It’s been an incredibly tough year for the board game hobby. How do you play games that require more than two players when we can’t gather? We even got robbed of some of the BEST parts of the hobby like conventions (no Origins OR GenCon, let alone things like the Dice Tower cons or PAX Unplugged) and shopping at our FLGS (which have unfortunately been hit hard by the downturn in business thanks to COVID-19). But board gamers are a resilient and often stubborn group, and we still found time to get games on the table despite it all. While there were, as always, a lot of games released this year I still had a few that stuck out this year.
#5 Marvel Villainous: Infinite Power
Publisher: Ravensburger Games
I know people might roll their eyes at my inclusion of this, since the Villainous “formula” has been well established for a while. But Villainous has been insanely popular for a reason, and the Marvel edition put a new spin on things that was really fun to play. The villains they used in this are obviously big MCU ones (though Loki is missing for presumably expansion reasons), but they all draw from an incredibly deep well of lore that Disney villains really can’t compare with. Each of them is unique and is distinctive enough to make replaying the game multiple times incredibly rewarding. It’s definitely a game worth putting on the table a few times for any Marvel fan.
#4 Holi: Festival of Colors
Publisher: Floodgate Games
At first glance, Holi kind of seems like it might be a gimmick thanks to its three-level game board, something truly unique in an industry where there’s almost nothing new under the sun. But Holi is a great example of a game that uses something different to its full effect. Holi is a fantastic area-control game that’s easy to learn and quick to play, with lots of bright colors and a delightful theme (you’re gathering candy and throwing colored powder at each other). It’s deceptively strategic, however, and as you try to navigate the levels of the board and earn the most points things can get pretty heated between players jockeying for position. A definite latecomer into the running but one that I think people will come around on quite soon.
#3 Godzilla: Tokyo Clash
Publisher: Funko Games
Anyone who’s read my reviews knows that when it comes to licensed games, it’s all about accuracy for me. Not with art assets or minis (though Tokyo Clash has amazing examples of both), but with the feel of the original property that’s been distilled into cardboard. And there are few licensed games that really “get” their subject matter quite like this. Everyone knows that the best part of a Godzilla movie is A. when monsters destroy cities and B. when monsters destroy each other. This game has both, and its glorious. Each of the included kaiju is unique and have certain advantages and disadvantages, but none of them are more powerful than the others. Plus, there’s lots of events that happen during the game to help even the odds. It’s a great game for kaiju fans, but the mechanics are fun and unique enough to make anyone want to go outside and roar at something by the end.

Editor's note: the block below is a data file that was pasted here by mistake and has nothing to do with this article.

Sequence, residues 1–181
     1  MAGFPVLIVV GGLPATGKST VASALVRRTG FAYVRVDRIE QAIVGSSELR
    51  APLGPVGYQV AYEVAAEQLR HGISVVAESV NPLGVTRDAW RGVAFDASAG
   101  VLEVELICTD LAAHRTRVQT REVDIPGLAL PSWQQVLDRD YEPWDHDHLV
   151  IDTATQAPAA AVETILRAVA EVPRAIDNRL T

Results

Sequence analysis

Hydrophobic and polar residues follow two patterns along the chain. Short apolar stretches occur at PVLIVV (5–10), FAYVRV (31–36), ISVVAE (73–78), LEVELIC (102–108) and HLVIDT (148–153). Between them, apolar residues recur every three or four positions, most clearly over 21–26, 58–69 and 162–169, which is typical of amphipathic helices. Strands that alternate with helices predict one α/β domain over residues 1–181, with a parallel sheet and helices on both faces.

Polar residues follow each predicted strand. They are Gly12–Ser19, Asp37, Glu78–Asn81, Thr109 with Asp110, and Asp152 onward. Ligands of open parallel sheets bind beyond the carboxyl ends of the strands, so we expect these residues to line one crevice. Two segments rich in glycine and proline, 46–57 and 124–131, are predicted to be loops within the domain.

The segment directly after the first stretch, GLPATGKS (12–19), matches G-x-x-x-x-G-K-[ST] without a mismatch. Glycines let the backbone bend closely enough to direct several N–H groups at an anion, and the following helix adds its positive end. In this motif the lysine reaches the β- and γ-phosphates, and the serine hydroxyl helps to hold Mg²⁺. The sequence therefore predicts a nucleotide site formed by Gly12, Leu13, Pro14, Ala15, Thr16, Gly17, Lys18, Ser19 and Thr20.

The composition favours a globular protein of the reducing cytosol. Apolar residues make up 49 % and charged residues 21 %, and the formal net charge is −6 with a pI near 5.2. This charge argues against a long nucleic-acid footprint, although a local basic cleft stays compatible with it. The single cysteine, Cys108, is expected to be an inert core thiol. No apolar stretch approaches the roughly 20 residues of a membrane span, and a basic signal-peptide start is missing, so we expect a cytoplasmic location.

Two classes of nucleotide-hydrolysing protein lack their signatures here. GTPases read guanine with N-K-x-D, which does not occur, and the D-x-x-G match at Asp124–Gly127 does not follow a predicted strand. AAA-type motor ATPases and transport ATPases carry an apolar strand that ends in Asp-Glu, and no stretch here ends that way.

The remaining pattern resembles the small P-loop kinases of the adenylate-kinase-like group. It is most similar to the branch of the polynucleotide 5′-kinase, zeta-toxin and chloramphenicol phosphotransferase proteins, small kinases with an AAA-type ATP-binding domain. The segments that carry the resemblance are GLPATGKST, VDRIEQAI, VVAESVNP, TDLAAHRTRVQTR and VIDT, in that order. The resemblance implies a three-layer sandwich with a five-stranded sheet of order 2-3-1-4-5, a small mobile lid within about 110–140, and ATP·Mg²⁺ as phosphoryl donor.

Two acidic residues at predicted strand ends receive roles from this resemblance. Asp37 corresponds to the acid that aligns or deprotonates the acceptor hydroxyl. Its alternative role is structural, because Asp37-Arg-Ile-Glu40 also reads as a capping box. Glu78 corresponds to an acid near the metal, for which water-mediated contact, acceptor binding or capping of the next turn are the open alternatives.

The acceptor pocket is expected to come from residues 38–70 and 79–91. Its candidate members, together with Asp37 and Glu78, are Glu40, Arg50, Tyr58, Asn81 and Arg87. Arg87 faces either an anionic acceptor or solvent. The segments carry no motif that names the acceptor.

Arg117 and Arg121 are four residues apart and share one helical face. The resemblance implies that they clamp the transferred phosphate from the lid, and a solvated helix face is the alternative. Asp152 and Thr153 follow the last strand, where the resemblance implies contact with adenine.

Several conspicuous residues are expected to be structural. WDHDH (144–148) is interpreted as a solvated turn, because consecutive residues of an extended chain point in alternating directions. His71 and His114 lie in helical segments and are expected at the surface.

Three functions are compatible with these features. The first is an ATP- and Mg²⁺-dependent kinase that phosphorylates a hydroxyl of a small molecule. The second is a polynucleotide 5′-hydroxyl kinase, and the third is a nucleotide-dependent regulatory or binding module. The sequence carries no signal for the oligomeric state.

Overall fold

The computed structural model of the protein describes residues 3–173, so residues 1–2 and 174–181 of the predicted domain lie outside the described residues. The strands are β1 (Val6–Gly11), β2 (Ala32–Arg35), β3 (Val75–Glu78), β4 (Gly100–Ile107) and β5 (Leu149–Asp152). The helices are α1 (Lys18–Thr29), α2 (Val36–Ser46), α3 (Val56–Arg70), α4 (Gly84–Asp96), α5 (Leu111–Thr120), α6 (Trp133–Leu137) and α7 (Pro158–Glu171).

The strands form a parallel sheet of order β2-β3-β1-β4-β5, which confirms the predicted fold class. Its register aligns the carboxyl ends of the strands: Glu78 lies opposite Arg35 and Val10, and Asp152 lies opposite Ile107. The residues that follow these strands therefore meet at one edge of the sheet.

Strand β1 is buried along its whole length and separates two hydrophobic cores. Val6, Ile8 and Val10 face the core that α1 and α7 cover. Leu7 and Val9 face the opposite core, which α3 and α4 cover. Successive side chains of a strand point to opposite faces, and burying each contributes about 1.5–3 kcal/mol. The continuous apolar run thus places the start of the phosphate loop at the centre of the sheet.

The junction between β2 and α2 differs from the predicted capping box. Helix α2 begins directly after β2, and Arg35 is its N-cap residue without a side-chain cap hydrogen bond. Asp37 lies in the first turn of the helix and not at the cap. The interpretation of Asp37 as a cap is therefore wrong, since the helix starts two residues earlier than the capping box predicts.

#2 The Adventure Zone: Bureau of Balance
Publisher: Twogether Studios
You can see more details in my review (linked above), but I was just completely blown away by this one. Another late addition to 2020, TAZ: Balance nonetheless is worth a nod just for how well it melds the RPG and board game experience. Really more of a storytelling (or even party) game than anything, it has players create characters and cooperatively devise a unique and frequently silly story as they adventure through a dungeon. There’s plenty of room for improv and variations on each playthrough meaning you’ll probably never get tired of playing it. Plus, it embodies the feeling of its source material without being overly reliant on it to work. Definitely one you’ll hear more about as we go into he new year.
Publisher: Leder Games
It’s not the biggest game that came out this year, or the flashiest.But Fort was really a game that hit…right during 2020. I don’t know if it was the nostalgia for childhood, the quirky art, or the feeling of friendship that the game had running through it, but it had something that I think a lot of us were missing this year. Of course, that nice feeling is attached to a really fun little deckbuilder that packs a lot of strategy and competition into a little box. The best bit is being able to steal cards from each other, an act as snotty and playful as you’d expect from little kids having a competition. Lots of games come out each year and I’m sure a lot of them get labelled a “classic” but, honestly, I think it might be true of this one.
Images via respective owners
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